“You would think that we were forward-thinking enough to understand how this could thrive here, but for me it was a nice surprise,” said Jones.
Williams agreed and noted, “Beer can be done anywhere,” contrasting Virginia’s successful wine industry with the emerging craft beer world. “A light bulb went off, especially for old warehouse districts which are perfect for it.”
Norfolk currently has two craft breweries: O’Connor Brewing Company and Smartmouth Brewing Company. They have gained notoriety and garnered statewide, national and international awards. Both are located in industrial zones in close proximity to the residential neighborhoods of Ghent, Chelsea/West Ghent, Park Place and ODU. Among their customers is a broad demographic spectrum, including Jones and Williams. Not that they’re micro-managing the city, but they see firsthand the success of the growing industry, and consider the possibilities.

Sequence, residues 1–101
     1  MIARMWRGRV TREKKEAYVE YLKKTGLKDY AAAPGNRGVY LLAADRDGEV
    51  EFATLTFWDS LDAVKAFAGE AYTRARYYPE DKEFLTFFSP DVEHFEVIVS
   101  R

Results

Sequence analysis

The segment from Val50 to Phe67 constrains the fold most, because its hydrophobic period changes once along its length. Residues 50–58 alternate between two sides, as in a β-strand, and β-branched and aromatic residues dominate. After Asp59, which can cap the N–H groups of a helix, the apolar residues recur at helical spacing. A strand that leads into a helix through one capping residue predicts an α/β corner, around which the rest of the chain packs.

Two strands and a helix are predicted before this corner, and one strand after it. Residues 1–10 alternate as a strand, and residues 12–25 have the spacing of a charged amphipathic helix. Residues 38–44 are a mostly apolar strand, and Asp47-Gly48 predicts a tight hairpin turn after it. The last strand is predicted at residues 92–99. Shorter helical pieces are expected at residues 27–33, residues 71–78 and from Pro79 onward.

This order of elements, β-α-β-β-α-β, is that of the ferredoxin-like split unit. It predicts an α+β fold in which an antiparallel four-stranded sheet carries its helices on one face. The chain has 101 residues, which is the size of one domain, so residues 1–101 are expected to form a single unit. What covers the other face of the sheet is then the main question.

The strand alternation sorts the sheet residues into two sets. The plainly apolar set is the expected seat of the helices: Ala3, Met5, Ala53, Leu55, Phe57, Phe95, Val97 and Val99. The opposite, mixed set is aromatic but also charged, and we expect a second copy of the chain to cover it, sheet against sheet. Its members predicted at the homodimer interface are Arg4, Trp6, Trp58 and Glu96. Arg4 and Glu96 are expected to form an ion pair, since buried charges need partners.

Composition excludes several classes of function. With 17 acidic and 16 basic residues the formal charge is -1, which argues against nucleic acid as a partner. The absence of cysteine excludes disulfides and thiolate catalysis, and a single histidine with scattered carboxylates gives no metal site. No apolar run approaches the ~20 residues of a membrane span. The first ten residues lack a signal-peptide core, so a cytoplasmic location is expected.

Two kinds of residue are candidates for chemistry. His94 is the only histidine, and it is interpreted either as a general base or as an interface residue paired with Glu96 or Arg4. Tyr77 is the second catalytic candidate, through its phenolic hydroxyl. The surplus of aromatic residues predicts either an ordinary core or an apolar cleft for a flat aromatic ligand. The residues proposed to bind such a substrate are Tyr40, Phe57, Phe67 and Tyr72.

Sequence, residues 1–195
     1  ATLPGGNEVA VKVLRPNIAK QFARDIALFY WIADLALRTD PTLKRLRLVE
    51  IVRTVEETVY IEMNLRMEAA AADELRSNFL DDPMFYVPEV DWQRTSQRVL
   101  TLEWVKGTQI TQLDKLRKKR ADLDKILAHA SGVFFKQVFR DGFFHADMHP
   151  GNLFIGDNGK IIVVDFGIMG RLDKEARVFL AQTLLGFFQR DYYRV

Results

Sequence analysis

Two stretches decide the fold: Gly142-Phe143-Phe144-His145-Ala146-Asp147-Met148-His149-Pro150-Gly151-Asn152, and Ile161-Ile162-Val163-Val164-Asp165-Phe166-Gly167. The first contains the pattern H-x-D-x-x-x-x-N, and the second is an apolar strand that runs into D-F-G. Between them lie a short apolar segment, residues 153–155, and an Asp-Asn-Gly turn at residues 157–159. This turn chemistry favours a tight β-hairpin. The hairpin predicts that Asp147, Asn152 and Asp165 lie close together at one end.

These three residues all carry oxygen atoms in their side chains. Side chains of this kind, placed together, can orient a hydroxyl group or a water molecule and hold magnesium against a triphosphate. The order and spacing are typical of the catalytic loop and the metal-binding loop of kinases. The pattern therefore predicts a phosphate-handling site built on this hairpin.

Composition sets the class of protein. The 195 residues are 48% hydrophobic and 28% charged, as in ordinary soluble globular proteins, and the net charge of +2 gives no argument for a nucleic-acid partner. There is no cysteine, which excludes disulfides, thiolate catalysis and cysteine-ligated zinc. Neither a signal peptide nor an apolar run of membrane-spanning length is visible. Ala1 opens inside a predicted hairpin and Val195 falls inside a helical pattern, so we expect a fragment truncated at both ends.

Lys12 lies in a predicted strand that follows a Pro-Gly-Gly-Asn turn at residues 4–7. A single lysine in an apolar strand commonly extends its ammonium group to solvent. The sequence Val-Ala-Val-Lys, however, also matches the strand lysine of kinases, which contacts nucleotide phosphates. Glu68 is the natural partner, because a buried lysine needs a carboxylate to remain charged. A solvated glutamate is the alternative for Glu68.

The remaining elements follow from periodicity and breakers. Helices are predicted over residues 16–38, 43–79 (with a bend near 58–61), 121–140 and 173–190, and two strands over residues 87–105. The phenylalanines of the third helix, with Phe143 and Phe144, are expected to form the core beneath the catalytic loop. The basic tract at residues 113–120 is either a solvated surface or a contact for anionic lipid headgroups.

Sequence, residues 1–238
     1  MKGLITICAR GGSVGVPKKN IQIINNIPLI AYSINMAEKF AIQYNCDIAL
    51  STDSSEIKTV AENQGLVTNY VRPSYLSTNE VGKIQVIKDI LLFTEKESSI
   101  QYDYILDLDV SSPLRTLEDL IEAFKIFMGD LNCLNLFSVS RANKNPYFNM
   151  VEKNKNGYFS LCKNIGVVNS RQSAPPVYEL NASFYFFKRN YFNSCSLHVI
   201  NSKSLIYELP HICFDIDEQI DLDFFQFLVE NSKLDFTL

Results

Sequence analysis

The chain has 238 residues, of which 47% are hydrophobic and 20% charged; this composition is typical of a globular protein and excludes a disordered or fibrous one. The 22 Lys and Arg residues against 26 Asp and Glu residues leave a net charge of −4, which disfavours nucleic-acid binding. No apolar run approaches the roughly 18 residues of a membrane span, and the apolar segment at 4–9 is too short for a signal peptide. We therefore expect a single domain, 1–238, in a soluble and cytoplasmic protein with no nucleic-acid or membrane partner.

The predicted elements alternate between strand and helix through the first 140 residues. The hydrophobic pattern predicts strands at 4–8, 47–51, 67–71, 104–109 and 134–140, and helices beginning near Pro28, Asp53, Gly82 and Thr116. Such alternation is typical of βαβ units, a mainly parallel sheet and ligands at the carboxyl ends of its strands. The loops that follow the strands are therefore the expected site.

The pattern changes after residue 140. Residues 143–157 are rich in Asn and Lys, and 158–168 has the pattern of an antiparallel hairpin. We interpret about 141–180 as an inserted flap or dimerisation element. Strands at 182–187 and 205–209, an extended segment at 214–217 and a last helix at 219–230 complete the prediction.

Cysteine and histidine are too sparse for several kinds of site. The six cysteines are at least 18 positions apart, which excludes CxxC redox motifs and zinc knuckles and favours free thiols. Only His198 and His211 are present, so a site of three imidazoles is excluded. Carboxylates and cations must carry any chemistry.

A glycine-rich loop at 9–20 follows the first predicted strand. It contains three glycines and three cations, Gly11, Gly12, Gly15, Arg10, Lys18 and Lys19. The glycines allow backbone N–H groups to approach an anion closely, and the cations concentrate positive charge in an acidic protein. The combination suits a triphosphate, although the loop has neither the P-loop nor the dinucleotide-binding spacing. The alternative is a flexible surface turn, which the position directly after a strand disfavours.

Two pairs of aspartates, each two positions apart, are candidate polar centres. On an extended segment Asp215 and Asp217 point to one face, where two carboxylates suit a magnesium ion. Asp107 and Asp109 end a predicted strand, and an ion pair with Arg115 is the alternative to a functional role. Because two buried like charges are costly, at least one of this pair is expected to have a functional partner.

Marcus Jones views craft breweries as an ingredient of building and encouraging a vibrant city culture.
“Whether it’s Smartmouth or O’Connor, or food trucks or festivals or First Fridays, we have these ingredients that bring people together,” said Jones, “and that’s not easy to do in many places. When you have an environment that brings people together it makes for a special city.”
Ron Williams considers the re-emergence of local breweries and the organic nature of the Chelsea Business District as part of a Norfolk getting back to its roots.
“It’s a return to where we have been,” said Williams. “In Chelsea’s instance, you’re talking about adaptive reuse and a great cohesion of light industrial business with restaurants. That’s where we actually have focus in our economic development strategy is to look at those commercial districts that are residential-based commercial districts because everybody wants a great place to live, work and play. If you look back at the 1930s, ‘40s and ‘50s, Norfolk was a city with commerce and residential that gave people the ability to walk to work.”